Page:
Tuesday, May 10, 2005

Top Secret! The Power of Homeschooling Camps

Robin and I are heading off to the annual Milang Homeschoolers Camp on Friday. We thoroughly enjoyed the inaugral camp last year, organised by Stephanie and her enthusiastic family. The camp was well attended, with a host of homeschoolers heading down from Adelaide for Saturday.

Few people realise the power of a homeschooling camp. We attended our first one way back in 1990, at a place called Bridgewater in Victoria. The camp was organised by the Alternative Education Resource Centre, now HEN (VIC) and I found out about it through their newsletter Otherways. Dozens of families enjoyed the week long camp. For the first time I felt that I had finally found my 'community', such was the strength of the camaradie shared at the camp.

If you've never been to a camp you've missed out! It's hard, at first, to ease into camp life, especially when some of the campers are already familiar with one another, or if the camp is held in the same place each year and draws the same families who know the place inside out. I remember feeling like an outsider, but went with the flow, accepting that, yes, I was a newbie and like newbies everywhere I needed to take a deep breath and sit and watch, feeling a little uncomfortable, listen to the conversations, venture a few words here and there and slowly, but surely, I warmed to camp life and the 'old timers' gradually drew me into all of the activities.

The children, of course, took a lot less time to integrate, make friends, and generally have a good time!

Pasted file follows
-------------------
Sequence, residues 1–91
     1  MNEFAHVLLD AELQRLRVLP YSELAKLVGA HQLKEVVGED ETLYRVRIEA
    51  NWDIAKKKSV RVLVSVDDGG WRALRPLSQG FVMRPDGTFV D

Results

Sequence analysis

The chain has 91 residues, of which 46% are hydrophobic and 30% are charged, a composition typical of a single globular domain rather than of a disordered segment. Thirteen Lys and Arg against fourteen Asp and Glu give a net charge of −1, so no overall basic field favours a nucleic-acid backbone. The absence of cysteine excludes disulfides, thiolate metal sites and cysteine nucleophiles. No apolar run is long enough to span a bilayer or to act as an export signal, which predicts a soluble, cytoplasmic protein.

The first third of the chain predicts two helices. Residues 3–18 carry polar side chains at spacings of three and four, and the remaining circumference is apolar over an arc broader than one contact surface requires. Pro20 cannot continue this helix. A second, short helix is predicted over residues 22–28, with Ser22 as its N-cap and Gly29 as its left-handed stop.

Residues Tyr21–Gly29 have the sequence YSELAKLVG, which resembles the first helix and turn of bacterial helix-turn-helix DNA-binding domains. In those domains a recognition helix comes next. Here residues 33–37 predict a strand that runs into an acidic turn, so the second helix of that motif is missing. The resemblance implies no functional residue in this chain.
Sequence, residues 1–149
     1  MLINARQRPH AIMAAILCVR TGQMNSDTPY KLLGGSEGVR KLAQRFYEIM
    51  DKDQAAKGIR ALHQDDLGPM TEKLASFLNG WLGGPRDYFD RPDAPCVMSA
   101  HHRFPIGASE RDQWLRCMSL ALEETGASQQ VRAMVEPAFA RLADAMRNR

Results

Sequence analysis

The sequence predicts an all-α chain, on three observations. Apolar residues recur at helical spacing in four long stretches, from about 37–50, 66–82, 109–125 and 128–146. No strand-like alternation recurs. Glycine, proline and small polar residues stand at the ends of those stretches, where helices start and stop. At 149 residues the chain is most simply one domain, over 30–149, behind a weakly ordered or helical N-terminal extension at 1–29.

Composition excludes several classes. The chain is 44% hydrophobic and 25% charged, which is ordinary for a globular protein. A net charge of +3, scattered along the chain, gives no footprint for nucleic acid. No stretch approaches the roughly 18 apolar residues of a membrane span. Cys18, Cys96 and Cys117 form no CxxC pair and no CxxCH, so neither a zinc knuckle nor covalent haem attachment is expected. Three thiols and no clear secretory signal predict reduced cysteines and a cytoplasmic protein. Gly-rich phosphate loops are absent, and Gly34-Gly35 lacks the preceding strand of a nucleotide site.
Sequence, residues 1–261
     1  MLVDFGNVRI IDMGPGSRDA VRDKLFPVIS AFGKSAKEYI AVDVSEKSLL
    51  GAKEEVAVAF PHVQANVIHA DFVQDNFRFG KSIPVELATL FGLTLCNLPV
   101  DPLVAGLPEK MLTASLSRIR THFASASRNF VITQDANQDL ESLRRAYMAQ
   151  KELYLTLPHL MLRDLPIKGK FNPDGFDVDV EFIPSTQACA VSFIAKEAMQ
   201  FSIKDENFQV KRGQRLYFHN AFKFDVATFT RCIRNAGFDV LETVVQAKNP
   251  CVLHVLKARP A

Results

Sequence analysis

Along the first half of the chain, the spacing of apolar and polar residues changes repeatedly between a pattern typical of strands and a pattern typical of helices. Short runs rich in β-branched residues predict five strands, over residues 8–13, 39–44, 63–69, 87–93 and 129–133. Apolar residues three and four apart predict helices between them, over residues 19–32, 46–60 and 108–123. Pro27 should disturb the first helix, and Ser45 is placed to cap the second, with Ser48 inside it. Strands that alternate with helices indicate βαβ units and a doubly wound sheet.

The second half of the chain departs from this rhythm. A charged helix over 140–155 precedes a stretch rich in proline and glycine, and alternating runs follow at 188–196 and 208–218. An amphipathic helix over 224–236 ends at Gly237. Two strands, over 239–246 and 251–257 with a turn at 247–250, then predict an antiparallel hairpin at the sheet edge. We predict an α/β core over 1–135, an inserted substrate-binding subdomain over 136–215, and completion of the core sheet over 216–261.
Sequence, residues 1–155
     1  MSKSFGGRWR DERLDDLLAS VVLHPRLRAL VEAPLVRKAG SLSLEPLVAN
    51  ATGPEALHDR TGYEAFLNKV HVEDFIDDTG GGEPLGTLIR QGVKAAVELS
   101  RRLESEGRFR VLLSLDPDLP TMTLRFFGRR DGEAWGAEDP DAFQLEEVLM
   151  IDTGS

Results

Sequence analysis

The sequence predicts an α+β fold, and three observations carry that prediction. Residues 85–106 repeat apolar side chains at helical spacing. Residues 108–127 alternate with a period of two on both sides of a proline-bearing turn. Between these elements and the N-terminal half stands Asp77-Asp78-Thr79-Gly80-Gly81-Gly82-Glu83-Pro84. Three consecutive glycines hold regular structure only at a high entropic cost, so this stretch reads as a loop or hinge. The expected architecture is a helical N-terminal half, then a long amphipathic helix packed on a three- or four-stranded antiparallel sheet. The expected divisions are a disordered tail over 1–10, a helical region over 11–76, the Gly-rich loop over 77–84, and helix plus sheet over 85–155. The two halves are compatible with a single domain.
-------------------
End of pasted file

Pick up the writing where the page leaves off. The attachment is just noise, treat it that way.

Most of the camps I've been on have been unstructured: the structure evolves as each day dawns. We've camped in tents, slept in dorms and cabins and a mixture of both. Daily activities usually include going for walks, visiting local places of interest, art and craft, singing, cooperative games, concerts, shared meals, workshops, and chatting. Lots of chatting!

Nothing beats living closely with others over a few days to get to know each other and make firm friendships. I remember my children not seeing kids from camp from one year to the next, but when they got together again it was as though only a few days had passed. For parents worried about the social outcomes of home education - get thee to a camp! You'll be reassured.

Belinda Moore writes about a camp she attended on the Homeschool Australia website:

"The company was wonderful – old friends we love to catch up with, and new friends to meet. For us, the company of like-minded homeschoolers at an annual camp is a huge boost in our confidence in the decision to home educate. And being with the older home educated children and teens is always inspiring and encouraging. They are a beaut bunch of kids!"

I'd love to hear about your homeschooling camping experiences.